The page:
Girls Who Code expands their campus outreach

Girls Who Code is a new initiative group where they will teach problem-solving through robotics. Photo Submitted by GROW

Georgia State’s Girls Who Code (GWC) is determined to include young girls in coding. With the help of robotics professor Dr. Ashwin Ashok, GWC created the sub-club “GROW,” shortly after GWC arrived at Georgia State. GROW is a women’s robotics club that President D’Anne Anthony described as being not just about robotics but also about solving problems.

“You have a problem, but how can you solve it is the bottom line,” Anthony said. “With computer science, you can solve anything with coding.” 

With this huge step they are pushing for in the tech business, GROW is more focused on website development while still working on different coding types. With the help of GROW and GWC, Anthony and  Vice President Melanie Gipson want to pave a path to success for girls in their program.

“We want to make sure to get project experience for them as our two biggest principles are sisterhood and product development,” Gipson said. “I think that the group program especially encapsulates these principles because it’s a sisterhood who’s working together to build these products for our community.”

Anthony and Gipson shared their dedication to making sure the future generation of women in tech are well equipped and qualified for the world they are about to face.

“We like to build up their confidence and build up their skills so that they are able to imagine their confidence and know that they are not alone in this journey,” Anthony said. “Beyond college, it’s still very male-dominated, so it’s good that we have these connections so we can build a better society for women.”

Formed in August 2019 and chartered in November of the same year, Girls Who Code gained a lot of interest from the Georgia State community. GWC, among other organizations, had to move its meetings to an online setting. Luckily for the tech program, the switch was easy.

Fearful about the “withdrawal in attendance,” the leaders of GWC made their meetings more interactive and comfortable so people would be more willing to attend meetings in their entirety. 

Following the impact of COVID-19, Gipson knew that the girls would need extra support from the organization’s leadership. 

“There was no face-to-face communication with each other over food or anything, and many people were really just depressed in general,” Gipson said. “In some ways, this pandemic has made us stronger because we all lifted each other up, and we’re there to support each other.”

Because club meetings consisted of food, personal and tech talk, the team knew they needed to spice up their program to keep the girls’ spirits alive.

“Usually, bringing food is a big push for people to come out to the meetings, but not having [food] due to meetings being virtual makes it hard to get people there,” Anthony said. “We started doing icebreakers because we want it to be fun and interactive instead of having to be bored for two hours.”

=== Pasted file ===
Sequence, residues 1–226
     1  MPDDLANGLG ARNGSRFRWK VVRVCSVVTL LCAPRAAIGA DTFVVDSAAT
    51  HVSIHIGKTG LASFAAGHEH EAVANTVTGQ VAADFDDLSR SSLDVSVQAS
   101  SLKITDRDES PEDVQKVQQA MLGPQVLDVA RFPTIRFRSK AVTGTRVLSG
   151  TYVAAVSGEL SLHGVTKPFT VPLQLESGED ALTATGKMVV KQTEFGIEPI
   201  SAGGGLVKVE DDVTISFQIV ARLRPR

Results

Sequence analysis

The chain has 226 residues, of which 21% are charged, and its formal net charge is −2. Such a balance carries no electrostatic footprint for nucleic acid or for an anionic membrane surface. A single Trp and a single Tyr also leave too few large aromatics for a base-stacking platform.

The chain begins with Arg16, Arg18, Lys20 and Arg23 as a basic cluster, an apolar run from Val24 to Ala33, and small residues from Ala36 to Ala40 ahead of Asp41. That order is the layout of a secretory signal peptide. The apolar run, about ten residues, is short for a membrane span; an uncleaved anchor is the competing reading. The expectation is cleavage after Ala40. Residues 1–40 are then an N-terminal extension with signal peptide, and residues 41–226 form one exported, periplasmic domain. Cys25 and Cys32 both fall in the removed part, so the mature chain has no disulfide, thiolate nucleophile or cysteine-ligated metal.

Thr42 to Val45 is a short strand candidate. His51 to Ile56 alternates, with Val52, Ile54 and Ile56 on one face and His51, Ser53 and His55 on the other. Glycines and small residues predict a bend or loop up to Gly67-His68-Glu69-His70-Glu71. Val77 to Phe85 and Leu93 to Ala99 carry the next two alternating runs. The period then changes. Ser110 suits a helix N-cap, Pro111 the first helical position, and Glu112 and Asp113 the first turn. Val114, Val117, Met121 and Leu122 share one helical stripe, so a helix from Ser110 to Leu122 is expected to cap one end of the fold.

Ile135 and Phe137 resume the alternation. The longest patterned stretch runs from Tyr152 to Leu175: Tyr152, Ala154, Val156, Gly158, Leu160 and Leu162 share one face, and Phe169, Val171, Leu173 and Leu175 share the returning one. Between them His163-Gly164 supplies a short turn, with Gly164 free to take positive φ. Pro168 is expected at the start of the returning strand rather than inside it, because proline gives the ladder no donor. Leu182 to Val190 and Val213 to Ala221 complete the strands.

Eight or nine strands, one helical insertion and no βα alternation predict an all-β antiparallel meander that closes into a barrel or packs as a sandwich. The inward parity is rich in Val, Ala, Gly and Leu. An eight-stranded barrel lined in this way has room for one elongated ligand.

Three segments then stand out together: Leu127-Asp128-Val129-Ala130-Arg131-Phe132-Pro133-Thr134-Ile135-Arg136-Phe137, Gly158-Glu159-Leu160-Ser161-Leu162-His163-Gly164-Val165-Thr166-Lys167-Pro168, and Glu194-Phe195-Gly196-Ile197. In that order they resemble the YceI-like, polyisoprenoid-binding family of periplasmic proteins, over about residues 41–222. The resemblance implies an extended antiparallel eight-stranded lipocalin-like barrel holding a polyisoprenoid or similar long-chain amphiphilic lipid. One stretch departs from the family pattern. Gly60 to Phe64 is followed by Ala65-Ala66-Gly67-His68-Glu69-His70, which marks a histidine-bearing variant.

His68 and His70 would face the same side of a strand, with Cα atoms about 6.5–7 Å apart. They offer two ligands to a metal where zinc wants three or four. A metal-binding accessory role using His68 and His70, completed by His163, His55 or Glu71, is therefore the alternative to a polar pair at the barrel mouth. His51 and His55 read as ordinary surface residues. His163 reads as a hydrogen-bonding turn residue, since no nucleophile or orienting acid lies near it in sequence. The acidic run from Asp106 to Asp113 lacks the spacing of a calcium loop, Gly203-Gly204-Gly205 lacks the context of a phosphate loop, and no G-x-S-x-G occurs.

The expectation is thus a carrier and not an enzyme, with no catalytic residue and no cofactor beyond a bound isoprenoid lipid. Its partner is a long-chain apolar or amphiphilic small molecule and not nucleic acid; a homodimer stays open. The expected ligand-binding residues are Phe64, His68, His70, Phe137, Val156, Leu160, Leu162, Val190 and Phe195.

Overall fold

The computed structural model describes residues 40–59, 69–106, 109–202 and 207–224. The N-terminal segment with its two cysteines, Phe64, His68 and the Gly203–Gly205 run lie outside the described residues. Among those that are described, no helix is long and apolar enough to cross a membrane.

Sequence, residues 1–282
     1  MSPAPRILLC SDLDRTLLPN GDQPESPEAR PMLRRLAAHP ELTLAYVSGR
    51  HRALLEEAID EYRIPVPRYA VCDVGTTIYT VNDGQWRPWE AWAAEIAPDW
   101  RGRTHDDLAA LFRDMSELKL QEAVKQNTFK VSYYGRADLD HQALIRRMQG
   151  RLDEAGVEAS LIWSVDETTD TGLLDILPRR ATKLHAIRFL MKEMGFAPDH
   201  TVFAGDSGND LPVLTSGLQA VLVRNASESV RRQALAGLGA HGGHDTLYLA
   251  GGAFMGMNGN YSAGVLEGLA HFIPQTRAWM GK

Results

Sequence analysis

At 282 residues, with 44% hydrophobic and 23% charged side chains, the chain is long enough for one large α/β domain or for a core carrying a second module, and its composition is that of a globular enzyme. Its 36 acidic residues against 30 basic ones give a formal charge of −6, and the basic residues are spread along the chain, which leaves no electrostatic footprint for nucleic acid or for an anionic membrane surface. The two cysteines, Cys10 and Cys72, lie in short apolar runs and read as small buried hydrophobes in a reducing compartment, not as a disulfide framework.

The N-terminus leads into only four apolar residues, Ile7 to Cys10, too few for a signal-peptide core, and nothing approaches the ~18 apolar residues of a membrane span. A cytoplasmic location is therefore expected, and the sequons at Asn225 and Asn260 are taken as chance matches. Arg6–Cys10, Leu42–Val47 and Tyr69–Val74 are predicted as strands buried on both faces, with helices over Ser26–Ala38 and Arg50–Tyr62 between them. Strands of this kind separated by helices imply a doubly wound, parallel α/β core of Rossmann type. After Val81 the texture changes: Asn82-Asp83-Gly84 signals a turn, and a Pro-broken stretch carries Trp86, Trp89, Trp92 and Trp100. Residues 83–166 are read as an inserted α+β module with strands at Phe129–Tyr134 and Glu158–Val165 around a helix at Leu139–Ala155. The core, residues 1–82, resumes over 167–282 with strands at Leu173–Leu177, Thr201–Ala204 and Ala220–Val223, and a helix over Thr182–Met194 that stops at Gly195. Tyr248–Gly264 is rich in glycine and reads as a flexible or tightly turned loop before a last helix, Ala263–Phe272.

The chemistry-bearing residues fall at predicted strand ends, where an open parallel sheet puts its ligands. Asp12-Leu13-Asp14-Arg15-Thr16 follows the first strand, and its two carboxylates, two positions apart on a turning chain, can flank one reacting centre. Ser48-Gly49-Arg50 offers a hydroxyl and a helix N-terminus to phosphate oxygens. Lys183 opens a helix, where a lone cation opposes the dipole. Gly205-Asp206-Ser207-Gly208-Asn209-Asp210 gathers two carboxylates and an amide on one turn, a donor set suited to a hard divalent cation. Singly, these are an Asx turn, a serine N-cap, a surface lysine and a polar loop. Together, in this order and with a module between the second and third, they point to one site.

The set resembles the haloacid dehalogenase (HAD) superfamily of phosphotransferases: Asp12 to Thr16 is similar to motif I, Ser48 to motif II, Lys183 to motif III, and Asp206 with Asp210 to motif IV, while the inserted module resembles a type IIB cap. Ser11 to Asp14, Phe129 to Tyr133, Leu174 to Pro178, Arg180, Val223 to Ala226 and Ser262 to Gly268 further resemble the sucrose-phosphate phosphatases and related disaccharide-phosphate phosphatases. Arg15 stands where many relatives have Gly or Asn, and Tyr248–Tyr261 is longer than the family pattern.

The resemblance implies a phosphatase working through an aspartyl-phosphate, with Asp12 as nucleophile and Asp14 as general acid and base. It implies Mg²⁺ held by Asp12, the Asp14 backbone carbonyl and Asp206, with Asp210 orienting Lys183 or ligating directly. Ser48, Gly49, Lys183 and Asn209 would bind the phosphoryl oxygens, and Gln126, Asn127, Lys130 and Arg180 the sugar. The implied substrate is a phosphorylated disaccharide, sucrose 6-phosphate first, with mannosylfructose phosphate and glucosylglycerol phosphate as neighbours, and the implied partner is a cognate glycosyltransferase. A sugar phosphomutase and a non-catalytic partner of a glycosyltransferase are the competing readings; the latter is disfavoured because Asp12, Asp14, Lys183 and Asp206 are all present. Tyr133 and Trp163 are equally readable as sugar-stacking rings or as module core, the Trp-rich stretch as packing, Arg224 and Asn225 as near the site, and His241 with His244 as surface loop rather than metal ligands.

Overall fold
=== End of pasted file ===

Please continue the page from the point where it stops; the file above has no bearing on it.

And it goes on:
Regardless of the turnout, the pair is still content with “a consistent number of people coming without food and drinks.”

Now that Girls Who Code is in full effect online, they want to continue to reach the same amount of prospective members, if not more. With more students taking their courses online, getting the message to the right crowd is difficult.

This virtual semester, GWC often took their advertisements to various organizations and clubs that didn’t specialize in the same thing, but they still joined forces and made a reliable team.

“Throughout the year and a half, we have really enjoyed partnering with other clubs like Girls++, Women in Technology, Panther Hackers and Blockchain,” Anthony said. “Woman power is always good, so when we team up, everything is so well done and makes me so happy and motivated.”

Gender inequalities run rampant in the tech world. According to ISE, women make up nearly half of the entire workforce, while only 25% have jobs in the tech industry.

Anthony and Gibson both recall moments when male counterparts made a woman feel inferior in the workplace.

Gipson explained that every time she made a better grade than her male classmates, they would accuse her of cheating.

“Whenever I would make a better grade compared to a male classmate, they would ask ‘How did that happen?’” Gipson said. “Then they’d usually accuse me of not actually learning real skills or cheating.”

Anthony recognizes that one of the few ways to close this gender gap in the tech world is to teach women to stick up for themselves. 

“The problems I do see are not enough women being confident enough to speak up for themselves,” Anthony said. “You don’t have to be extra about it, but don’t allow other people to take your success.”

Anthony shared that the book “Brave, Not Perfect,” by GWC founder Reshma Saujani, is something that both Anthony and Gipson encourage through the program at Georgia State.

“When she came out with ‘Brave, Not Perfect,’ that was exactly our goal,” Anthony said. “But the first initiative is to be brave and get out of your comfort zone.”

In GWC’s future, a schedule full of events and workshops for this semester online will keep their members engaged. 

On March 8, GWC is holding an event called Tech Career Prep. This event will answer any potential questions about internships or any other tech-related opportunities and how to apply to them.

The following week, GWC will hold a Python workshop to begin building projects and allowing their sub-club GROW to take over. All events will be virtual until further notice. 

In a career field that is already competitive and intense, Anthony shares some lasting advice to encourage women.

“Push yourself to see things you’ve never seen before and explore,“ Anthony said. “You never know what you’re able to do without doing it yourself.”